Are older women with depression at increased risk of falls and fractures?

Hip fracture is more common in depressed elderly people. That is why being elderly and depressed and lonely significantly increases the chances that you will break bones if you fall over, suggests a large study published in the March 8 issue of the Archives of Internal Medicine.

Menopause Depression

Former studies have advised that depression is related with low bone mineral density, and it is widely accepted that low bone mineral density leads to weaker bones. Until now, nonetheless, depression was never directly linked to an increased risk of fracture.

The doctors conducted a prospective investigation in elderly white women who were recruited from population-based listings in the United States. At a second visit (1988-1990), 7414 participants completed the 15-item Geriatric Depression Scale and were considered depressed if they reported 6 or more symptoms of depression.

The doctors measured bone mineral density (BMD) in the spine and at the second visit, an asked participants about incident falls (yes/no) at 4 follow-up visits. Nonvertebral ruptures were ascertained for an average of 6 years following the depression measure, and demonstrated radiologically. We determined incident vertebral fractures by comparing lateral spine films took at the first visit (1986-1988) with repeat films obtained an average of 3.7 years.

Contradictory to earlier discoveries, the study exposed no differences in average bone mineral density between depressed and nondepressed women. Even without a variation in bone density, nevertheless, depressed women were at greater threat for break. “This investigation highlights the severe disabilities related with depression,” said principal investigator Mary A. Whooley, SFVAMC staff physician and UCSF assistant professor of medicine. "Better diagnosis and rehabilitation of depression may direct to decreased fracture”, she added.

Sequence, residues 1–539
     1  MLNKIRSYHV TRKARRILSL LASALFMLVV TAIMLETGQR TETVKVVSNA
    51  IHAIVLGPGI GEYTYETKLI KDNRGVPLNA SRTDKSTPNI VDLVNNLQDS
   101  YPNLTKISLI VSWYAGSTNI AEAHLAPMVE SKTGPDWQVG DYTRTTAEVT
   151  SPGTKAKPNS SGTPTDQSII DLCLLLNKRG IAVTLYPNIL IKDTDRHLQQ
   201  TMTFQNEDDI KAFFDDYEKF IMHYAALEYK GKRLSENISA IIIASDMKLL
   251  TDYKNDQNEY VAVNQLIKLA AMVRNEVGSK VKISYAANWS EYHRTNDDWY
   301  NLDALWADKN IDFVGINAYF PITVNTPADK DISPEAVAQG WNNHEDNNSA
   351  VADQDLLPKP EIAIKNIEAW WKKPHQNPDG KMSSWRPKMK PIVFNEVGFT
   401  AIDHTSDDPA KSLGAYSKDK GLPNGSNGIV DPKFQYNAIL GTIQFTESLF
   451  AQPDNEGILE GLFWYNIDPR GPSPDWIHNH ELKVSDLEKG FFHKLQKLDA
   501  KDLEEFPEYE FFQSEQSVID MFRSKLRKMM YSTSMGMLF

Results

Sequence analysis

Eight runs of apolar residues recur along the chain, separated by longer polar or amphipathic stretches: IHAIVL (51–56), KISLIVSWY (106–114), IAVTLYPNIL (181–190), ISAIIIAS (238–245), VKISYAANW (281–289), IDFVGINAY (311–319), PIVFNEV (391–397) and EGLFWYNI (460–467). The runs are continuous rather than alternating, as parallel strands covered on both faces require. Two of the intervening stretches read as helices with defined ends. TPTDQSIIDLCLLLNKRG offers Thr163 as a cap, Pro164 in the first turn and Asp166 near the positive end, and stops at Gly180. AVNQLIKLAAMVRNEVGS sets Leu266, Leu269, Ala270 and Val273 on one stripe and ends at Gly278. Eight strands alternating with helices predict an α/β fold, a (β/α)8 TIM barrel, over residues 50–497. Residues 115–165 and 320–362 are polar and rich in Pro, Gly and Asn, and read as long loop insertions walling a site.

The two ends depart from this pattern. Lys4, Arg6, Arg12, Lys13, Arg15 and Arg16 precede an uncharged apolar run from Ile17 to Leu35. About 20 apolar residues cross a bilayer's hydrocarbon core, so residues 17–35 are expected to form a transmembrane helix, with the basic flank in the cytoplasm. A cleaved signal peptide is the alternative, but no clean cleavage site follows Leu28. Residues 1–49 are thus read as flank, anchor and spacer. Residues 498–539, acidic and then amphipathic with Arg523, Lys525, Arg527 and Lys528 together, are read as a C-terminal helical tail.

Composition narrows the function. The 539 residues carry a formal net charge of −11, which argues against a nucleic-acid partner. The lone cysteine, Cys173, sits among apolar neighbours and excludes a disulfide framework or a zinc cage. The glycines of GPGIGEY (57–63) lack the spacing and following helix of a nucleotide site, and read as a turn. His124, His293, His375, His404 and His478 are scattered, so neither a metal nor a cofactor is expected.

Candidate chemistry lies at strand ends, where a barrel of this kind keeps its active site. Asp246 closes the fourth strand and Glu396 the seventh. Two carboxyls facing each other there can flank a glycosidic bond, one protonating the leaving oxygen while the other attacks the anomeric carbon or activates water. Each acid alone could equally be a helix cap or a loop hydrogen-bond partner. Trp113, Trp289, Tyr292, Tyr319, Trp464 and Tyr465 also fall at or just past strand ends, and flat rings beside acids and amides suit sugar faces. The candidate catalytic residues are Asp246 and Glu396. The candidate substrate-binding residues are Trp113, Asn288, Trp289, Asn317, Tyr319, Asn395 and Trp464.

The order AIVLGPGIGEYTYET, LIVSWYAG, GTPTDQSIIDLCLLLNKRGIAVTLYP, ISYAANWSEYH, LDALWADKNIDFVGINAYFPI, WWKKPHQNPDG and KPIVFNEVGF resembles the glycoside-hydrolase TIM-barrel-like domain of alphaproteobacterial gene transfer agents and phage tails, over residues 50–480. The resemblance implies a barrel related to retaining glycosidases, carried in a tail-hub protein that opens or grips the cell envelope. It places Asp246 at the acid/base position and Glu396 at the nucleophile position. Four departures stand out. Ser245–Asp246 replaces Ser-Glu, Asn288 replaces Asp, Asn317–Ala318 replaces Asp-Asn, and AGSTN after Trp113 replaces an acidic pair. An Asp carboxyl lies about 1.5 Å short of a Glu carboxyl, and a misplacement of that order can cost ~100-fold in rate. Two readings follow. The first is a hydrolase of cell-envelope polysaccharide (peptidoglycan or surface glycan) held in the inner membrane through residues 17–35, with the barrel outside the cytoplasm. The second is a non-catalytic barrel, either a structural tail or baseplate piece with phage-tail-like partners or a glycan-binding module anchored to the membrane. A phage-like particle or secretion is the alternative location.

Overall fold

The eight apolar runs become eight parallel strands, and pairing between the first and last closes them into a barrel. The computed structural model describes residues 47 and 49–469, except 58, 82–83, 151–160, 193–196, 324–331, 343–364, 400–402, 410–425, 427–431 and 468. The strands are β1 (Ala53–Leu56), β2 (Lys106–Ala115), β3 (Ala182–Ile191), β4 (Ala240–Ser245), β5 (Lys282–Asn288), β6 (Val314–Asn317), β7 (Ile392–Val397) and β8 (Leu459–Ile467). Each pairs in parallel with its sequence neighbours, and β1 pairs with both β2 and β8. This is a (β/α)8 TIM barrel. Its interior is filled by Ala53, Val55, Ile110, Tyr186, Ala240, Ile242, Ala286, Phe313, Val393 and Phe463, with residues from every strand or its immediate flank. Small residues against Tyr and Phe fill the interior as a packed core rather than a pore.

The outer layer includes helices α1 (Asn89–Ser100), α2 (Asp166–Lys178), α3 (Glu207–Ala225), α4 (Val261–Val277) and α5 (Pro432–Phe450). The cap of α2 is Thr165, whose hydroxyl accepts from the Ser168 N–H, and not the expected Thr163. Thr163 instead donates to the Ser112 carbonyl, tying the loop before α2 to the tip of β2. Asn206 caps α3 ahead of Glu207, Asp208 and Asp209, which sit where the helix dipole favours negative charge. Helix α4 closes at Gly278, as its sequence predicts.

Poor diet harms bones

Reduced diet is a well-known contributory factor to osteoporosis, or brittle bone disease, in elderly. But it is likely, as other researches have recommended, that increased levels of the hormone produced by stress, cortisol, could negatively affect bone tissue.

Over three years, 329 of them experienced a hip fracture, and they were all asked questions connecting to loneliness, life satisfaction, sleep disorders, anxiety and general mood. Traditional factors known to augment the risk that falling will break a hip, such as body weight, smoking, inactivity and other illness were taken into account. Elderly people are falling down like ninepins, but injury rates are quite small, in terms of actually getting serious injury like a broken hip. It is possible that depressed people are not looking after their diet as well, and this is contributing to osteoporosis."

Although they found an increased risk of falls in depressed, compared with nondepressed, older women, the greater number of falls only partially accounted for the increased risk of fracture among women with depression. "Why women with depression have an increased risk of fracture is not yet clear," the investigators said. The researchers indicated, however, that depression may be related with fractures through other mechanisms such as subsequent decline in physical function.